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Vincristine in childhood leukemia: no pharmacokinetic rationale for dose reduction in adolescents
Uppsala University, Disciplinary Domain of Medicine and Pharmacy, Faculty of Medicine, Department of Women's and Children's Health. (Barnonkologisk forskning/Lönnerholm)
Uppsala University, Disciplinary Domain of Medicine and Pharmacy, Faculty of Medicine, Department of Women's and Children's Health. (Barnonkologisk forskning/Lönnerholm)
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2003 (English)In: Acta Paediatrica, ISSN 0803-5253, E-ISSN 1651-2227, Vol. 92, no 5, 551-557 p.Article in journal (Refereed) Published
Abstract [en]

AIM: To investigate whether there is any pharmacokinetic rationale for the common practice of administering vincristine to adolescents at relatively lower doses than those to younger children.

METHODS: A total of 98 children, aged 1.3-17.3 y, with acute lymphoblastic leukaemia (ALL) were studied on day 1 of induction therapy. Plasma samples were drawn before and 10, 30, 360 and 1380 min after injection of vincristine 2.0 mg/m2 (maximum dose 2.0 mg) and analysed by high-performance liquid chromatography.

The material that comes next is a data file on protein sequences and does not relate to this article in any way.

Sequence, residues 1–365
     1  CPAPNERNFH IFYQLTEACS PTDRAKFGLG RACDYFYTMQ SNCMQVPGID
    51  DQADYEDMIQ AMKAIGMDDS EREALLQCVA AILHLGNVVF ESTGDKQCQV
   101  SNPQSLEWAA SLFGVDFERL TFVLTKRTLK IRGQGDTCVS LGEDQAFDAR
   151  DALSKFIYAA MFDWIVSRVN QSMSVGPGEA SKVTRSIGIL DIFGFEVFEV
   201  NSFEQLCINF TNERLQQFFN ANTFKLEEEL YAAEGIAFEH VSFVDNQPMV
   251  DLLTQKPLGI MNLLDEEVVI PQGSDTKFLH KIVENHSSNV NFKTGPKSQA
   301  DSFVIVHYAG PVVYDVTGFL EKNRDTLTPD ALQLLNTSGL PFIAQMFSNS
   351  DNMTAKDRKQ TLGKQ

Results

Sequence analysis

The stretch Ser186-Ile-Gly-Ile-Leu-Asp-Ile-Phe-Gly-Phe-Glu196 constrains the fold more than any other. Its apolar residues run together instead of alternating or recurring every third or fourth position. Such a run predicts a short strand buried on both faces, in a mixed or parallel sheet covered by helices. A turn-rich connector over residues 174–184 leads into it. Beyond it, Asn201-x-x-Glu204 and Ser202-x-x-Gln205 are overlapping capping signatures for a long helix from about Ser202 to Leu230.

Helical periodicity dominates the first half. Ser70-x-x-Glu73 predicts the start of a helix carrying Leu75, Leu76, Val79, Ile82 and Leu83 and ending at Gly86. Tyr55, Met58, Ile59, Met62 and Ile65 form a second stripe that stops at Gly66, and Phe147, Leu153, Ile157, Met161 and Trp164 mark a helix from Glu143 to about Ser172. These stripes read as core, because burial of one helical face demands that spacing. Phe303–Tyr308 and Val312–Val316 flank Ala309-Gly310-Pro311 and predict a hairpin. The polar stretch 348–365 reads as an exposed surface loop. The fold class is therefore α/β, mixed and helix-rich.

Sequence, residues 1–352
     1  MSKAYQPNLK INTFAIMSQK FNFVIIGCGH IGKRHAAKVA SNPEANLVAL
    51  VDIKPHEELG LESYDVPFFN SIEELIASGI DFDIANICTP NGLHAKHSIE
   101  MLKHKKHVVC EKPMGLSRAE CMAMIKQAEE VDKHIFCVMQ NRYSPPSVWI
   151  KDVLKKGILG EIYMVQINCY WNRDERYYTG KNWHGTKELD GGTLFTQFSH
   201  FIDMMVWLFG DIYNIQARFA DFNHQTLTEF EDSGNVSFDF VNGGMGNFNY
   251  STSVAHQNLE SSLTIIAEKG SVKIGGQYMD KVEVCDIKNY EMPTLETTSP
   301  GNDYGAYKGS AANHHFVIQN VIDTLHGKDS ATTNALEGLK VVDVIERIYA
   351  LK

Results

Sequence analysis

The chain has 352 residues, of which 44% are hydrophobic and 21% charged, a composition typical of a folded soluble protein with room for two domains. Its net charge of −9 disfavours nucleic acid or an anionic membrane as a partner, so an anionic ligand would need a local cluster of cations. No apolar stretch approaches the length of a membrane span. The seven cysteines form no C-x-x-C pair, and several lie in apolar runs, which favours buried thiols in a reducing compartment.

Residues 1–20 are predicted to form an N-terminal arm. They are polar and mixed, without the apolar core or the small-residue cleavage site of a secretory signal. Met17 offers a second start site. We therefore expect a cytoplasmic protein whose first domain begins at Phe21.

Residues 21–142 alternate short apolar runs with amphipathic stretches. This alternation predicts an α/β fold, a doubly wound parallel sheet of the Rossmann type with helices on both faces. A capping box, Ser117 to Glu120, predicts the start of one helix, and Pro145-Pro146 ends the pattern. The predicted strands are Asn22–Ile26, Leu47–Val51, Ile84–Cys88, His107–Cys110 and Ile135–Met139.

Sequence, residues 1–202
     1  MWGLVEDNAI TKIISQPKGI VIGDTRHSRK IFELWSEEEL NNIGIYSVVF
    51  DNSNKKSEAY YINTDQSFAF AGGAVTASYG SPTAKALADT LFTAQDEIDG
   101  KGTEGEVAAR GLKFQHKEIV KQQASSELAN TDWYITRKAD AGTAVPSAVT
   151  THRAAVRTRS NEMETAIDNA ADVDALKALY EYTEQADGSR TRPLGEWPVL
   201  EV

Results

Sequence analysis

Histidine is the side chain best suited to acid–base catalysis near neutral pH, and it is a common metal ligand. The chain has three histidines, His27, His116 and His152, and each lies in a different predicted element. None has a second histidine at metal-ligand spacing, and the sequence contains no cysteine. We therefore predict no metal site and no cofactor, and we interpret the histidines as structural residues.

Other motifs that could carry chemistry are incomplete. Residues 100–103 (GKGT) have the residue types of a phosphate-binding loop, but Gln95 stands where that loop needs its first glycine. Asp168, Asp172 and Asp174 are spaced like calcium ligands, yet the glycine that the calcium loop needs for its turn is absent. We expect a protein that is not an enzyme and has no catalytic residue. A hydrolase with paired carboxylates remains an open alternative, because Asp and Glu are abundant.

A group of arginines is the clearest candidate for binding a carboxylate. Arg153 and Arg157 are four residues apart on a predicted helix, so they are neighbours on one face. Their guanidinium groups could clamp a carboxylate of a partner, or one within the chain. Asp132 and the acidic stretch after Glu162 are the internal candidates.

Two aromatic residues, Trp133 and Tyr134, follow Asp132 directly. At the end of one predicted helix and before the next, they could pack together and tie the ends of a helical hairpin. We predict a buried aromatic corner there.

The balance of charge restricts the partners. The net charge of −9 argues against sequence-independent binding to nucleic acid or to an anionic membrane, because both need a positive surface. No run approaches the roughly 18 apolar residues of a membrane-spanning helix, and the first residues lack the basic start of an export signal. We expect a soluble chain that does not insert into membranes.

RESULTS: The median value (and range) for distribution half-life was 6.4 min (0.8-11.8), elimination half-life 1014 min (258-2570), volume of distribution 445 L/m2 (137-1241) and total body clearance 362 ml/min/m2 (134-2553). No correlation was found between age and any of these pharmacokinetic parameters. The area under the concentration time curve (AUC) was significantly correlated to age (p = 0.002; p - 0.31), as expected from the dosage of vincristine. The lower AUC in children with a body surface area > 1 m2, which is reached at 8-9 y of age, indicates that they received a less intense treatment because of the capping of the vincristine dose at 2.0 mg.

CONCLUSIONS: Vincristine pharmacokinetics were not age dependent in this paediatric population. Thus, we found no pharmacokinetic rationale for dose reduction in adolescents. The common practice of limiting the vincristine dose to 2.0 mg should be carefully reconsidered.